A recipe for simplicity of life

“To marvel at the streets through windows, to count crows and swallow today,
to cast all thoughts aside and keep only the smallest,
not to name anything in words, not to weave definitions from emotions,
not to enter observations into notebooks, not to distill definitions from passions.”. – Zuzanna Ginczanka

Zuzanna Ginczanka is one of the most outstanding poets writing in Polish, a star of pre-war Warsaw, a Jewess, an artist and a provocateur. She died in 1944. At the age of 27 in Krakow – murdered after being denounced by a Polish woman. Unlike the texts of authors from the “Columbus Generation,” however, Zuzanna Ginczanka’s poems are not about dying – we can find in them the essence of life.

Young talent, companion of the Skamandrites, friend of Tuwim

Zuzanna Ginczanka (born Susanna Polina Gincburg) was born in 1917. in Kiev, but grew up in Rivne, a small town in the Borderlands, raised by her grandmother, the owner of a drugstore. Her family left Russia shortly after the outbreak of the October Revolution, fleeing the Bolsheviks. Susanna’s father abandoned his relatives and went to Hollywood, where he pursued an acting career. The mother left for Cordoba with her second husband.

At the time, Rivne was a true cultural melting pot, with Ukrainians, Poles, Russians, Jews and Armenians living there. Although Russian was spoken in her home, Ginczanka went to a Polish middle school, which provided a higher level of education. Little Sanka (as she was called by her relatives) soon began to manifest literary talent and decided that she would become a poet. Even as a little girl she wrote poems, which she published in the school newspaper. When she was 17, she won her first “serious” poetry contest organized by “Literary News” – a magazine associated with Skamandrit circles.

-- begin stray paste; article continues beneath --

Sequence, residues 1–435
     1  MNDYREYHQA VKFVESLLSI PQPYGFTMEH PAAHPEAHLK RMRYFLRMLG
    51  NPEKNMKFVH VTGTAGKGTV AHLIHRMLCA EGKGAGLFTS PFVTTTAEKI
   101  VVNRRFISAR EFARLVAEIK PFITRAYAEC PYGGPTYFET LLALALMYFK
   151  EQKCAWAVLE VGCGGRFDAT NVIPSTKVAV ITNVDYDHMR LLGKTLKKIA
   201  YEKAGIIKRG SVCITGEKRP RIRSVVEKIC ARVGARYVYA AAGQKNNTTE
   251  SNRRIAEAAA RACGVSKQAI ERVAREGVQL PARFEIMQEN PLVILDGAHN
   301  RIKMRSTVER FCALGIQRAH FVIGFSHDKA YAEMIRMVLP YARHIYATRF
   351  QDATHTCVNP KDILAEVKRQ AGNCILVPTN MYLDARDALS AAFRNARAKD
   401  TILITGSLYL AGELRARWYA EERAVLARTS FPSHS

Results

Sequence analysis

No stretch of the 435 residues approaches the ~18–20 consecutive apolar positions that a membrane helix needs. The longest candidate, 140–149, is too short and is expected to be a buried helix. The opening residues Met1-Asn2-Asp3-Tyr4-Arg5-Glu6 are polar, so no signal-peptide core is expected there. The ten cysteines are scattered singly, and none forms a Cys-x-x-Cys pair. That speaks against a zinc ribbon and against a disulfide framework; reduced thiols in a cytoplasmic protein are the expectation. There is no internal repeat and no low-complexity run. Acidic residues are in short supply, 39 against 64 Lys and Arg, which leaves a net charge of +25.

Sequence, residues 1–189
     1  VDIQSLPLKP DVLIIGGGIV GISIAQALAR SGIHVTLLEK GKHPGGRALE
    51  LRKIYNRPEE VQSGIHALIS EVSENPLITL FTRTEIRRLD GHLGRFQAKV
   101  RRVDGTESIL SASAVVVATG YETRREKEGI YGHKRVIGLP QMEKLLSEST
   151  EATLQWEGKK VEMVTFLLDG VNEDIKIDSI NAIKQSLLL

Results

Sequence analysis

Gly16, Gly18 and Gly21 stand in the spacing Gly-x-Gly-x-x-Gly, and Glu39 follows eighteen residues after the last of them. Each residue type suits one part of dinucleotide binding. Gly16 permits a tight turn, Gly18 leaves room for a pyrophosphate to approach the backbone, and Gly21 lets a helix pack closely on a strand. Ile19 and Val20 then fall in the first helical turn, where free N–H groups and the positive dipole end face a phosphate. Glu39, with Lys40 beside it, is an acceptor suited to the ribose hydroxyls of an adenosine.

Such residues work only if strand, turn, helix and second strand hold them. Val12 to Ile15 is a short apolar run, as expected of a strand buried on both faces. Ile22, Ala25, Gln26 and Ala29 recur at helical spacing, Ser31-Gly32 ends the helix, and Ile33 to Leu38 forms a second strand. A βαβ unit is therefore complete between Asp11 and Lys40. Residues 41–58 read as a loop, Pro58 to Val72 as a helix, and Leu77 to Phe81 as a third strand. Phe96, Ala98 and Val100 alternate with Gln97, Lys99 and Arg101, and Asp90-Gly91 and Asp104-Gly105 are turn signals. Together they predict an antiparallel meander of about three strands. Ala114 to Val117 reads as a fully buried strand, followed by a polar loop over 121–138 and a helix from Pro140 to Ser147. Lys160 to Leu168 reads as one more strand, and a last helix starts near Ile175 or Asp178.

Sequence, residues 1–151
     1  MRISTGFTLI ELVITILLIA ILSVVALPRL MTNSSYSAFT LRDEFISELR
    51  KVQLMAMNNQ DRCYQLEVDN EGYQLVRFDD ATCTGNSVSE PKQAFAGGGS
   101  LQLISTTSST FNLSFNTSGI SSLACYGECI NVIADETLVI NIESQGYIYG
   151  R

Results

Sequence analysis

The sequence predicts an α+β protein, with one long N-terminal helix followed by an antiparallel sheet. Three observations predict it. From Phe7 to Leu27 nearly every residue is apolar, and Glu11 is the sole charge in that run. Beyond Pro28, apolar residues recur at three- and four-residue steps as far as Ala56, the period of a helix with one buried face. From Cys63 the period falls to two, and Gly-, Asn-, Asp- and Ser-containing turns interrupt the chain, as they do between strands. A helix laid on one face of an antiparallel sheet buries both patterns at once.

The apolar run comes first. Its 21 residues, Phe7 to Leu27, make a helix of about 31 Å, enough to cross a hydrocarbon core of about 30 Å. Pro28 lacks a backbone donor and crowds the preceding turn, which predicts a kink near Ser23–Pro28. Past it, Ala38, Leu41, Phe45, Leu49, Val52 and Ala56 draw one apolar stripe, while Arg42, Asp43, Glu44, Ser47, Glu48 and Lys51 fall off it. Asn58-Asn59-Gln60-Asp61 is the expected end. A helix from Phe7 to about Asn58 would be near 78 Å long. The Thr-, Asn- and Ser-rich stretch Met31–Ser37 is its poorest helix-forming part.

From the beginning, she wrote in Polish and felt connected to Poland – although she never received Polish citizenship. Before the outbreak of war, she only had a Nansen passport issued to stateless persons. Susanna’s mother was not very interested in the girl, but she was the one who took her daughter’s poems to Julian Tuwim.

Zuzanna Ginczanka – unruly poet, Semitic beauty

After high school graduation, Ginczanka moved to Warsaw, where cultural life was flourishing and where she had the best opportunities for creative development. She studied pedagogy at the University of Warsaw, at the same time she quickly joined the literary circles: she established close relations with the Skamandrites, she is friends with Tuwim, Przybos, Iwaszkiewicz, Lechon, Slonimski. He publishes in “Wiadomosci Literackie” and “Szpilki”. He writes poems and sharp social satires, and bravely bounces the ball in numerous polemics against rising anti-Semitism.